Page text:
CAN ECONOMIC DEVELOPMENT AND SOCIAL PROTECTION CO-EXIST?

 

   The measures for the protection of the midde and the lower socio-economic class (which constitute the majority of citizens) are the most important issues during pre-election campaigns. The question is whether the measures promised during campaign periods are realistic. The results of the most recent elections have proven that the policy of overtaxing the middle class in order to subsidise the underclass did not bring any political advantage. Radical measures and redistribution policies, like the ones imposed by totalitarian systems which collapsed in the 1990’s, were also not effective. Political leaders are searching for politically effective measures, which will impress the electorate.

It seems that almost all political parties are trying to present programs, measures and policies that fall under the term “social market economy”. Social market economy is “a free market economic system, which conforms to the laws of supply and demand, and is directly overseen by the state, so that societal groups of reduced competitiveness, such as the elderly and the unemployed, are protected.” It will be interesting to see what the electorate will decide, i.e., which political party will be able to better implement social market economy policies. The difference in the proposed policies will depend on whether a political party favours statism (“all state”) or competition (“all market”).  In this article, we will concentrate on the following 5 questions:

1) Can an inflated public sector co-exist with the notion of social market economy? Is competitiveness possible in a state with an inflated public sector? Is it possible to lower the price of products and services and at the same time have profitable businesses, which in turn will be able to employ large numbers of people and make further investments?

2) Can a small public sector with limited scope, such as defense, security, public health, institutional protection through independent authorities and compulsory education, and also stringent supervision of economic competition, bring positive economic development for the population at large?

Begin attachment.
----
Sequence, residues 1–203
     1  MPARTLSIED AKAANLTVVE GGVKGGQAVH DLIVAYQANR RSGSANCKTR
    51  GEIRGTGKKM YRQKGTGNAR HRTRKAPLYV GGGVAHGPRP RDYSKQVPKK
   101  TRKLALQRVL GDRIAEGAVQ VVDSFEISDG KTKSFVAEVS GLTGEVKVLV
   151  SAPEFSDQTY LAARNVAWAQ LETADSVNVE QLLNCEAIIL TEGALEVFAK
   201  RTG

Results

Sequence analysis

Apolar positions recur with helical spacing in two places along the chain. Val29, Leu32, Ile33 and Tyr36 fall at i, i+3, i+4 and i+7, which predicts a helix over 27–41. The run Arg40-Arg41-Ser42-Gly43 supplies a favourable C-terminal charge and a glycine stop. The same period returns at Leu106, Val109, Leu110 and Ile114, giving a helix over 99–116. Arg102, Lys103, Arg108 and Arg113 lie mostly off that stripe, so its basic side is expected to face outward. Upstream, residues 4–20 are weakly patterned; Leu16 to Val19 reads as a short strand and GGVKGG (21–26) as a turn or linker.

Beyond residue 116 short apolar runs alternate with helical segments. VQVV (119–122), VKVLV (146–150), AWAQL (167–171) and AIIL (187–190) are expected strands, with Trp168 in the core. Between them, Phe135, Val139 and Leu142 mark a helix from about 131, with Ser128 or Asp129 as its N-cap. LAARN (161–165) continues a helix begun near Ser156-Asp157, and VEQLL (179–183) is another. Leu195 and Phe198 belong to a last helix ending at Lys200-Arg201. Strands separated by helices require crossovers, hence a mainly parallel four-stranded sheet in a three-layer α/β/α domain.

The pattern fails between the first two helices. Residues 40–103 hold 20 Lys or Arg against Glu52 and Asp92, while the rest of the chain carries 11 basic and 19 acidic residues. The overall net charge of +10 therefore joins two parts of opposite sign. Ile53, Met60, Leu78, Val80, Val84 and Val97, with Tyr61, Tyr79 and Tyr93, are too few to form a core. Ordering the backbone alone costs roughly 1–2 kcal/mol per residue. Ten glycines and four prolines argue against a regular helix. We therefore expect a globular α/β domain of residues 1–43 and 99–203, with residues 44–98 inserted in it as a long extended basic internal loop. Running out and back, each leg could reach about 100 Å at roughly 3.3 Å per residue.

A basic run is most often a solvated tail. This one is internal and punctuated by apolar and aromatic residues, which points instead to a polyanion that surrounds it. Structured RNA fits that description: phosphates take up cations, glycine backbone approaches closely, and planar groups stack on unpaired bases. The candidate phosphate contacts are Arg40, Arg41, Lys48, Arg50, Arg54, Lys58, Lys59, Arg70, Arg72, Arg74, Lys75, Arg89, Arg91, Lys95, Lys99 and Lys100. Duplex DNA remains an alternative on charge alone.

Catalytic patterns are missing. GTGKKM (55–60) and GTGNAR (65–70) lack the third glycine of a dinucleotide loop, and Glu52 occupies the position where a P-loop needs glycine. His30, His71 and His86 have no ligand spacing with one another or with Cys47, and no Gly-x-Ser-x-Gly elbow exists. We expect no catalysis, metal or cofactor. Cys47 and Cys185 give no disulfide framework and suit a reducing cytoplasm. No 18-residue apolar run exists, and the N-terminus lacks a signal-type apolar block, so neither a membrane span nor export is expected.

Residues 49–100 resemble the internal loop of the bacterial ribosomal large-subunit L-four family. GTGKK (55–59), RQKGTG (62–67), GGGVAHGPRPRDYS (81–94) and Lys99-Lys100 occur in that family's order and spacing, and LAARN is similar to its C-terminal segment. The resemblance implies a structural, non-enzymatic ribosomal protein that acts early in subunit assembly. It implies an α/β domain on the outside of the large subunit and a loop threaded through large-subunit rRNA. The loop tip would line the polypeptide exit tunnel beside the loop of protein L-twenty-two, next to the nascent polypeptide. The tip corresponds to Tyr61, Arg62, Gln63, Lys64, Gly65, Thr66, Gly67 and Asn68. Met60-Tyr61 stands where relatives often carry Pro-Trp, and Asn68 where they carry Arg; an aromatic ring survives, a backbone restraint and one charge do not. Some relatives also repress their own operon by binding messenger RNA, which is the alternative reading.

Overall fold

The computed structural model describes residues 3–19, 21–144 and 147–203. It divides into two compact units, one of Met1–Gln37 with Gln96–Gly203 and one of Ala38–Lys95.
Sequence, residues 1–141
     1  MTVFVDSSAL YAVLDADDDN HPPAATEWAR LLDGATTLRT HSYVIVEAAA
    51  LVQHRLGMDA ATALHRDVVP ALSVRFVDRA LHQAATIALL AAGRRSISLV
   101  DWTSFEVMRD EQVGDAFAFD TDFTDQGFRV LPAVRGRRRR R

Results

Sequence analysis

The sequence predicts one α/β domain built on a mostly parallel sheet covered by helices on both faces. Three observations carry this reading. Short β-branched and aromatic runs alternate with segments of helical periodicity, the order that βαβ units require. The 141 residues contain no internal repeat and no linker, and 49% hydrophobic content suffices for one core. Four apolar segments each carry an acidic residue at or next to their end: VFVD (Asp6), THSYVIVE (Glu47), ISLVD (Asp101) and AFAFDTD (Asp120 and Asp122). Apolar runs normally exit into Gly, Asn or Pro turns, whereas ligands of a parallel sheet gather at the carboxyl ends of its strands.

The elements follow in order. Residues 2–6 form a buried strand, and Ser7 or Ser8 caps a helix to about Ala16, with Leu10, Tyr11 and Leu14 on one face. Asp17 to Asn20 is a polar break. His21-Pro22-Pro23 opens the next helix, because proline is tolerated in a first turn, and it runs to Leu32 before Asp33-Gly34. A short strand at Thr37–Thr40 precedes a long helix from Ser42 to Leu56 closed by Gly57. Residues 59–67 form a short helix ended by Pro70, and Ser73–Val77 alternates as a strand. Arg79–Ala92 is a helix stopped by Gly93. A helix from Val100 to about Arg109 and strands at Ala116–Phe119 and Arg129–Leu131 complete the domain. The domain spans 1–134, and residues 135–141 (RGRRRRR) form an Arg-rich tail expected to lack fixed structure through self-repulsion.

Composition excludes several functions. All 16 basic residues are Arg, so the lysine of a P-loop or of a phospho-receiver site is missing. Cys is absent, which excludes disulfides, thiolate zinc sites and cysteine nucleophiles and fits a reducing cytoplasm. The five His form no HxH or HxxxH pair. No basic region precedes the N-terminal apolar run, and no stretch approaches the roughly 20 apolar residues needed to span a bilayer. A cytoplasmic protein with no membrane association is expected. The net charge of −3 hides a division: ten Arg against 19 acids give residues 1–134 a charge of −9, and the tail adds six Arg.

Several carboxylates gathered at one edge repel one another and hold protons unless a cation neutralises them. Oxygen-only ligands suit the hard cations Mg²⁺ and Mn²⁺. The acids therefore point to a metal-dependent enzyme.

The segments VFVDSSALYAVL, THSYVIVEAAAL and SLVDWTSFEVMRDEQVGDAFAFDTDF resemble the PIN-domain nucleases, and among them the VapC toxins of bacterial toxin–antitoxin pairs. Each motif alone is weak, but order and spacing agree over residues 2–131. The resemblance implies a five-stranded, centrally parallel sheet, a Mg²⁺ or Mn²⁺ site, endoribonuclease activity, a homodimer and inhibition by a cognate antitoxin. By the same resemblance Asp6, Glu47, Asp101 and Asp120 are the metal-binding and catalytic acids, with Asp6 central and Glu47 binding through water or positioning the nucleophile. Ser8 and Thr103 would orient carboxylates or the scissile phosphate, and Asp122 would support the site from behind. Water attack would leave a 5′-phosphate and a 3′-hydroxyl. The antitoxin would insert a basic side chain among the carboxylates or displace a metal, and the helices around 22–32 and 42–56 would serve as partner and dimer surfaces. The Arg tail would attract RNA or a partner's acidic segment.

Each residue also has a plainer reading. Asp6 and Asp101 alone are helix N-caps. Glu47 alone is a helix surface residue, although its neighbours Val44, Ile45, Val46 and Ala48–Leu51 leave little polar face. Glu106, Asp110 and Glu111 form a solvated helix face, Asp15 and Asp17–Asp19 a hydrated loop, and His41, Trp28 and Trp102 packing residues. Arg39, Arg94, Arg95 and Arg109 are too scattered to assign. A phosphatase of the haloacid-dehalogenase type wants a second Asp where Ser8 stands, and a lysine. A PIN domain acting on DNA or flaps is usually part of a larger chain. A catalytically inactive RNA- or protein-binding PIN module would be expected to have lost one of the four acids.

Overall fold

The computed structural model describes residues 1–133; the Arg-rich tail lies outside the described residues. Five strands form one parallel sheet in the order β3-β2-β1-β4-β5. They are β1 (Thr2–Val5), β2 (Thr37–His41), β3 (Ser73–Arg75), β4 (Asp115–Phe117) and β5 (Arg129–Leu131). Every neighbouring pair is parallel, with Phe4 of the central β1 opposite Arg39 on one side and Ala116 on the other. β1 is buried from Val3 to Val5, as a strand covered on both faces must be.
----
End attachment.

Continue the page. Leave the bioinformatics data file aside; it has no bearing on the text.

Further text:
3) Should the social protection of those societal groups unable to be competitive, such as the elderly or unemployed, be provided only when there is no “free-riding” due to tax evasion and tax avoidance?

4) We live at a time of globalisation, when the prices of products and services are determined according to the production cost. In this society, can productivity only be improved through good training, technology and entrepreneurship? Are there any other ways for balancing the imports and exports of our country, or is the increase in productivity, so that prices are competitive, the only way?

5) After the traumatic experiences of the last ten years, has the majority of the electorate finally understood that distribution policies based on borrowing funds always lead to economic impasses? have they understood that the same conditions always produce the same results, and that in future it is advisable to steer clear of “false prosperity” policies?

Maniots have in their ancestry both of these concepts: the competitive process and the social protection. Our ancestors were practising these policies for many centuries, and we, their descendants, have inherited them. The many towers of Mani provided protection from the competition between families, which often ended in warfare. However, warfare did not exclude reconciliation, especially in times of urgency or shared objectives. The protection of the economically disadvantaged, who were recognized as equal members of the small society of each village, was always one of the main objectives.

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